In Pursuit of Freedom: Slave Law and Emancipation in Louisville and Jefferson County, Kentucky

In Pursuit of Freedom: Slave Law and Emancipation in Louisville and Jefferson County, Kentucky

The Filson Club History Quarterly
July 2002
pages 287-325

J. Blaine Hudson (1950-2013), Professor of Pan-African Studies
University of Louisville

The lives of both free and enslaved African-Americans were constrained to varying degrees by the powerful and paradoxical role of race in antebellum American society. According to Michael Omi and Howard Winant, this role was a consequence of the institutionalization of the United States as a “racial state,” a nation in which racial classification was a more important determinant of status than either socio-economic class or gender.’ In practical terms, this meant that “blackness” was considered prima facie evidence of slave status, that only persons of African descent were subject to the “social death” of slavery, and that, even if free, they were still black, and the visible marker of their Africanness consigned them to a place marginal to the American mainstream) In this context, the journey from the “social death” of slavery to the full enjoyment of freedom—such as African-Americans or their ancestors last experienced in their home African societies—was long, arduous, and, even now, remains unfinished. However, a careful reading of historical literature that reflects the perspective of African-Americans themselves indicates that there were several crucial milestones on this journey toward which the aspirations and efforts of African-Americans were directed: first, to maximize the freedom and human dignity possible within the confines of slavery; second, to become free—whether through legal or illegal means; and third, ultimately to achieve full equality and empowerment as free people in this country or, failing that, elsewhere.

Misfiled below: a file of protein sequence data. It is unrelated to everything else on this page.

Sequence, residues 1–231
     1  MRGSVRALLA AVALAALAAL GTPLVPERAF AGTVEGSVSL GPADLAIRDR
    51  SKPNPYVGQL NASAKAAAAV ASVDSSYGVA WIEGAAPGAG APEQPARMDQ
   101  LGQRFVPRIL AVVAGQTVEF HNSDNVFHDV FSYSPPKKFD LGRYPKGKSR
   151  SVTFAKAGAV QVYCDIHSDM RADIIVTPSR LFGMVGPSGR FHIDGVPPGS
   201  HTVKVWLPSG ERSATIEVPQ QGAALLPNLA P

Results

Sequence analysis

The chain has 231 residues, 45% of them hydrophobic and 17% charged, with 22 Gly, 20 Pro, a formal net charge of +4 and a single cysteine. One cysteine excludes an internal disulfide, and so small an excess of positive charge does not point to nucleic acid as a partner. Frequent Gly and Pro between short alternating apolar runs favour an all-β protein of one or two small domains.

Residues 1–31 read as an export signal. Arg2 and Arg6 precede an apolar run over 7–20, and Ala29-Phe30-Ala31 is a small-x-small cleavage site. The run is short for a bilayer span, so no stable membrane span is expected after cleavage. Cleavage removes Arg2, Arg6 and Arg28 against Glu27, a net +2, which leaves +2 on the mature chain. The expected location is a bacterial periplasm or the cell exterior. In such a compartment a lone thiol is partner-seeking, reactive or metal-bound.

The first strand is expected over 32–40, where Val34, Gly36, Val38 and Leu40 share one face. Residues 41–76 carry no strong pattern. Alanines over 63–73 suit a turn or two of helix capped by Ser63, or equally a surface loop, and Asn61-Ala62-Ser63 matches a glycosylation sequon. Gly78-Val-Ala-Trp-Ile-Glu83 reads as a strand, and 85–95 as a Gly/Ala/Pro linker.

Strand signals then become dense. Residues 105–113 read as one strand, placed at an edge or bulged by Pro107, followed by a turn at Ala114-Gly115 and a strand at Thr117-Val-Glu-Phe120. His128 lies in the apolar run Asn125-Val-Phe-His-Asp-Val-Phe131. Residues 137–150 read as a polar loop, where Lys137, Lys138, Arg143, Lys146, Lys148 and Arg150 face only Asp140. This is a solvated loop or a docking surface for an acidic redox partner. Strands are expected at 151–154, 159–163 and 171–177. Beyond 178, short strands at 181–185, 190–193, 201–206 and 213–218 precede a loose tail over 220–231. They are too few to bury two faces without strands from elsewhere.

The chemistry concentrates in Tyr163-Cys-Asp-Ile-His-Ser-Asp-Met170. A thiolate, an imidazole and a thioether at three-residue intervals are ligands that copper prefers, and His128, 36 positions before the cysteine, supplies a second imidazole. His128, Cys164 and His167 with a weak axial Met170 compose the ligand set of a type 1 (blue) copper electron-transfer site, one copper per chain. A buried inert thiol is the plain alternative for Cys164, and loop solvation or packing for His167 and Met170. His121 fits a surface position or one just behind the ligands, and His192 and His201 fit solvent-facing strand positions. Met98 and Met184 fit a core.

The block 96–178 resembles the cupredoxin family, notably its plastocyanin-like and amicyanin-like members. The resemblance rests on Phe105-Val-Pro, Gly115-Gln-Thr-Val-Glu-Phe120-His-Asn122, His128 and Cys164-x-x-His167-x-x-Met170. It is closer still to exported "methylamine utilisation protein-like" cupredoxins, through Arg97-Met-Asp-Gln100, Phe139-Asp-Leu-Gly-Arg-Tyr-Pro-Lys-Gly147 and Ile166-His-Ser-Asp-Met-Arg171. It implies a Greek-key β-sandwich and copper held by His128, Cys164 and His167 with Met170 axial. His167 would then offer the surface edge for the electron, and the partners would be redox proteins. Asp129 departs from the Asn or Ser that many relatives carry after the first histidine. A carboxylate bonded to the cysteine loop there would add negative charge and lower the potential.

As Frederick Douglass observed, for enslaved African-Americans trapped in the most horrendous and degrading circumstances, simply finding a “good master” or a less demanding work regimen or both was often viewed as a dramatic improvement in status. Unfortunately, for most, this first milestone was never reached; for the fortunate few, even this limited improvement was achieved at great cost over long years and was the best they could hope for in one lifetime. However, while escaping the most egregious evils of slavery was clearly desirable, slavery was still slavery, and freedom remained the ultimate goal. That the achievement of freedom was not an end in itself but only the beginning of another struggle for equality and empowerment did not lessen its attractions. Freedom was still preferable, by far, to bondage. It was for this reason that efforts by whites to ameliorate the conditions of slavery invariably failed to reduce the likelihood of escape or revolt—and often made these responses more likely.

In this broad context, there were several paths to the milestone of freedom in the antebellum period and each of these paths warrants careful analysis. As a general rule, African-Americans would choose the path of least resistance and minimum risk whenever possible. Such paths, of course, were few and—because they were legal and depended on the good faith, if not the good will, of whites—were closed to most enslaved African-Americans. Such paths were important nonetheless, and all were traveled to varying degrees at various times by African-Americans in Kentucky. Thus, it is appropriate to complement the previously published account of illegal routes to freedom with an analysis of how African-Americans in Louisville and Jefferson County pursued and achieved freedom through legal means during the antebellum period….

…The proportion of “mulattoes” (including “quadroons” and “octoroons“) in the African-American population was usually underestimated-since mulattos were often considered “living proof” of the sexual depravity of the slave system. Thus, census and other official records indicated that roughly ten percent of the slave population and roughly one-third of the free-black population were racially mixed. On the other hand, travel accounts, slave narratives, and the personal observations of southerners themselves suggest that the racially hybrid subgroup was a far larger segment of both the enslaved and free African-American populations. Clearly, local patterns seemed to follow the “unofficial” record, as African-Americans of mixed ancestry were overrepresented among those granted deeds of emancipation (68 of 129—52.7 percent). This fact may explain something of the unbalanced sex ratio. Some of the African-Americans emancipated were the children of slaveholders and the mothers of those children in many African-American “households.” The father was white—and missing…

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